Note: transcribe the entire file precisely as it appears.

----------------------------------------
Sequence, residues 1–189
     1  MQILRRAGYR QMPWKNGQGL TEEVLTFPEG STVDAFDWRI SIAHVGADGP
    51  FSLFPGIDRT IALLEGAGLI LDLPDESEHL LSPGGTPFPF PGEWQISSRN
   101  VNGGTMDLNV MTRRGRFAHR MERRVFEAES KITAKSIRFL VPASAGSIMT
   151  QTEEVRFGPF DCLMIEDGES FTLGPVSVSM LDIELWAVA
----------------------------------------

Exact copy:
Sequence, residues 1–189
     1  MQILRRAGYR QMPWKNGQGL TEEVLTFPEG STVDAFDWRI SIAHVGADGP
    51  FSLFPGIDRT IALLEGAGLI LDLPDESEHL LSPGGTPFPF PGEWQISSRN
   101  VNGGTMDLNV MTRRGRFAHR MERRVFEAES KITAKSIRFL VPASAGSIMT
   151  QTEEVRFGPF DCLMIEDGES FTLGPVSVSM LDIELWAVA